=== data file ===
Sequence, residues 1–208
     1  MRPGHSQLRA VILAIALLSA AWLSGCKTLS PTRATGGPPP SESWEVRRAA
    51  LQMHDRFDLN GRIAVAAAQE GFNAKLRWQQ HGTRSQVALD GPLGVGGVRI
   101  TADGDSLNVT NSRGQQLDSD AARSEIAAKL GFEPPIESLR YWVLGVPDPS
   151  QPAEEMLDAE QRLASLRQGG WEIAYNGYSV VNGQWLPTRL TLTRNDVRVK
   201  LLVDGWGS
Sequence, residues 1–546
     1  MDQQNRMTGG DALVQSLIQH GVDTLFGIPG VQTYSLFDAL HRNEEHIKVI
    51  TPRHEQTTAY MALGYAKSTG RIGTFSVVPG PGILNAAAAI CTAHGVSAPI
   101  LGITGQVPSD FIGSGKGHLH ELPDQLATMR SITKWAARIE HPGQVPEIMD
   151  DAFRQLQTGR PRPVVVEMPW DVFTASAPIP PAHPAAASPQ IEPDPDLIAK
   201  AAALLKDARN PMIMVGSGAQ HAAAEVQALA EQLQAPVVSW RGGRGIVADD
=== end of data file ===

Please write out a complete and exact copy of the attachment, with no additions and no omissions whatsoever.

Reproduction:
Sequence, residues 1–208
     1  MRPGHSQLRA VILAIALLSA AWLSGCKTLS PTRATGGPPP SESWEVRRAA
    51  LQMHDRFDLN GRIAVAAAQE GFNAKLRWQQ HGTRSQVALD GPLGVGGVRI
   101  TADGDSLNVT NSRGQQLDSD AARSEIAAKL GFEPPIESLR YWVLGVPDPS
   151  QPAEEMLDAE QRLASLRQGG WEIAYNGYSV VNGQWLPTRL TLTRNDVRVK
   201  LLVDGWGS
Sequence, residues 1–546
     1  MDQQNRMTGG DALVQSLIQH GVDTLFGIPG VQTYSLFDAL HRNEEHIKVI
    51  TPRHEQTTAY MALGYAKSTG RIGTFSVVPG PGILNAAAAI CTAHGVSAPI
   101  LGITGQVPSD FIGSGKGHLH ELPDQLATMR SITKWAARIE HPGQVPEIMD
   151  DAFRQLQTGR PRPVVVEMPW DVFTASAPIP PAHPAAASPQ IEPDPDLIAK
   201  AAALLKDARN PMIMVGSGAQ HAAAEVQALA EQLQAPVVSW RGGRGIVADD